Today was my first day as an official unemployed bum. It’s a long story but it’s all good. Anyway, part of “unemployedness” today involved a trip to the DMV, a 3000m open water training swim at the Welland International Flatwater Center and a trip to Record Theater in Buffalo this afternoon to take advantage of their big “Going Out of Business” sale*. One of those purchases was this ‘Thelonious Alone In San Francisco‘ album by Thelonious Monk.
With the robust ambience of Fugazi Hall in San Francisco at his disposal, Monk recorded ten unaccompanied tracks over two days (October 21st and 22nd, 1959) – without a present audience – to create a long-awaited sequel to his immensely endearing ‘Thelonious Himself‘ long-player.
As had become somewhat customary for Monk, he brought with him a healthy sampling from his voluminous back catalog, cover tunes, as well as a few new compositions. What is most immediately striking about these recordings is the rich and accurate sound stage at Fugazi Hall. The overtones are rich and thoughtful in their ability to animate Monk’s recreations of some of his most endearing works, such as the pair that opens this set.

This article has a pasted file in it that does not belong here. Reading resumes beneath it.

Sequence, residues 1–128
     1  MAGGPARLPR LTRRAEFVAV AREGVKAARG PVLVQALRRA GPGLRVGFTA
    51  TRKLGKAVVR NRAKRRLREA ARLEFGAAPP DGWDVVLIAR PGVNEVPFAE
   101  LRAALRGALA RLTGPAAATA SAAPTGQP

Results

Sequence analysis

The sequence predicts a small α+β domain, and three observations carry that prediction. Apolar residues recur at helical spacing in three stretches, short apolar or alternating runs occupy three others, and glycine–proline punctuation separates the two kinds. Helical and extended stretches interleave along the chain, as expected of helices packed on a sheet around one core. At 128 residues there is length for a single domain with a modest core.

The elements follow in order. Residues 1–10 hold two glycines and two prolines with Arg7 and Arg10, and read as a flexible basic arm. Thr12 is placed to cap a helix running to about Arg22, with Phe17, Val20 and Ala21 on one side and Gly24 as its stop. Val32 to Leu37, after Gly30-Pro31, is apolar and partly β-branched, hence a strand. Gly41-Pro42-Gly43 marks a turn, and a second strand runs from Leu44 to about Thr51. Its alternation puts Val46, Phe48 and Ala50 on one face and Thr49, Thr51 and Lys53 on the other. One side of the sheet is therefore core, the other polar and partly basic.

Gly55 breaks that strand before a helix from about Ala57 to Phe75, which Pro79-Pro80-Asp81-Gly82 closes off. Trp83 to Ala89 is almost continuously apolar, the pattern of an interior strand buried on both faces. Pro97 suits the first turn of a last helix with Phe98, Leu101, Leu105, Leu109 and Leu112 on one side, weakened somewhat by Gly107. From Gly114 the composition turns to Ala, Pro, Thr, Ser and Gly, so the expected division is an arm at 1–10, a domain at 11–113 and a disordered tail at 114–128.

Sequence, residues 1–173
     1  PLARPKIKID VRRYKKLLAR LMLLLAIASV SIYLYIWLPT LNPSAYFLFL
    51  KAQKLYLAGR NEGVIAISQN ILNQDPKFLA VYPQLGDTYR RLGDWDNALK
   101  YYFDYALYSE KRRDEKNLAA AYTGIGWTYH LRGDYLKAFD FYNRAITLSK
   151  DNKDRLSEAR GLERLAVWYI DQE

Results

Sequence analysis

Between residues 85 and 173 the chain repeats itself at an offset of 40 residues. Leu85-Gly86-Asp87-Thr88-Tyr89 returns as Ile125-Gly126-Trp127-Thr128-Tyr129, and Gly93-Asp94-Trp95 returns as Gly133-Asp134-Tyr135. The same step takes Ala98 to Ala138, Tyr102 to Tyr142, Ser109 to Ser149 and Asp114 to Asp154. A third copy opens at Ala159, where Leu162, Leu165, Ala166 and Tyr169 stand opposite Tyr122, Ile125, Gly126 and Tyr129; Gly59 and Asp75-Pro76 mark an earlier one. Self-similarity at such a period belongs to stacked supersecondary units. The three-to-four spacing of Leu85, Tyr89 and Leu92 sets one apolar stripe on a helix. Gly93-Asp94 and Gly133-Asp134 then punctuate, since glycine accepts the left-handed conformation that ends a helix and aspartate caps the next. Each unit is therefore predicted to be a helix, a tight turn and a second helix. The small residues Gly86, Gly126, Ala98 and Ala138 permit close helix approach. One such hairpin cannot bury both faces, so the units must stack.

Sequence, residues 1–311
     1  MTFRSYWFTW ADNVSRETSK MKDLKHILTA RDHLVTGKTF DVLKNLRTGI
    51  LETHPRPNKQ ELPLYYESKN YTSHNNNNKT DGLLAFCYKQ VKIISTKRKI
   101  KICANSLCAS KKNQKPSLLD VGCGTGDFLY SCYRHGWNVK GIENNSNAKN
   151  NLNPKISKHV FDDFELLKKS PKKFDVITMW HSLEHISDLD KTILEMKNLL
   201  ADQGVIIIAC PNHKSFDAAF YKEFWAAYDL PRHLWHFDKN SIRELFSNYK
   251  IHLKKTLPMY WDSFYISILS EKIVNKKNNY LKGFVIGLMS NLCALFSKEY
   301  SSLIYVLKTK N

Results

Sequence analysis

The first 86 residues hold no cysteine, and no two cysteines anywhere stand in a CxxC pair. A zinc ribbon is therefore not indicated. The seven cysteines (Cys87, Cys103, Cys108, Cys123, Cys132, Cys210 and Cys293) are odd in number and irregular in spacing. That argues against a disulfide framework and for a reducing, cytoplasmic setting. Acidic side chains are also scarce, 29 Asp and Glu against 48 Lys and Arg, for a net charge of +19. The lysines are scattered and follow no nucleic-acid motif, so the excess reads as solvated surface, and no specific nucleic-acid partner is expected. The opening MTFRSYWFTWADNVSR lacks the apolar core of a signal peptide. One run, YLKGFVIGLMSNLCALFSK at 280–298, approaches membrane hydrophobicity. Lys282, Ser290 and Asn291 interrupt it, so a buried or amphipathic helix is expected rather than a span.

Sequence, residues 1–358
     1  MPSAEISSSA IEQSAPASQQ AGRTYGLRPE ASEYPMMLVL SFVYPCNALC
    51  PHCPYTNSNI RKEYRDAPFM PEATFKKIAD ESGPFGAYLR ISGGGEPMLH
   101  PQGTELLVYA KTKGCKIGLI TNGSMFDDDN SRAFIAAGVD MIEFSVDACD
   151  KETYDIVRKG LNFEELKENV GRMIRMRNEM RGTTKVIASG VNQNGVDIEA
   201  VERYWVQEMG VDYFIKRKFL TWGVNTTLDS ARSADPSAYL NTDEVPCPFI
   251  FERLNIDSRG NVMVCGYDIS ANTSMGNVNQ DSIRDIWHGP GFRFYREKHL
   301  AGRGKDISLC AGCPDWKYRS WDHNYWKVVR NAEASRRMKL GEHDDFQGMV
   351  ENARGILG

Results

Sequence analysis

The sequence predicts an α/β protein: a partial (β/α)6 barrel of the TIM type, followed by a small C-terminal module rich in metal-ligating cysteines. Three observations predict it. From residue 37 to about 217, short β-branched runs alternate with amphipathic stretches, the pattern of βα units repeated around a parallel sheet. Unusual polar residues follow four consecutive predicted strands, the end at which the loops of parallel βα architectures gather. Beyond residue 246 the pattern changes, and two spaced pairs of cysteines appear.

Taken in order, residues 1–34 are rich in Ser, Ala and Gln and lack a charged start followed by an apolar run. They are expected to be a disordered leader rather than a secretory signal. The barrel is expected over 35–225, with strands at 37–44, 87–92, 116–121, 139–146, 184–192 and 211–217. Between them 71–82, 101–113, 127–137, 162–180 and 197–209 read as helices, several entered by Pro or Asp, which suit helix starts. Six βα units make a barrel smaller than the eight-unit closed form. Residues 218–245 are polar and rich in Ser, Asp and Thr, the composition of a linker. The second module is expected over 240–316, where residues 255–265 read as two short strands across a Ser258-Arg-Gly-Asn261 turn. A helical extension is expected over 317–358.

‘Blue Monk‘ still retains the proud stride and walking blues heritage of previous renderings. Adding a bit of off-tempo improvisation, Monk propels and emphasizes the rhythmic swing even harder. He is obviously also enjoying what he is hearing. The audible maturity guiding Monk through the familiar, albeit offbeat, chord progressions of ‘Ruby, My Dear‘ is striking. His nimble reflexes and split-second timing render this version superior. Again, the sound of the hall offers even more to enjoy from this performance. It is unfortunate that the playful solitude of ‘Round Lights‘ was never revisited. This free-form composition is framed within a blues structure, yet reveals all of the slightly askew freedom of a Monk original. The recreation of an old 1920’s hit, ‘There’s Danger in Your Eyes, Cherie‘, is another of the highlights from this album that was never recorded again by Monk.
This is an absolute must-own recording – Monk enthusiast or not.
And at %40 off, who could resist?
Certainly not I.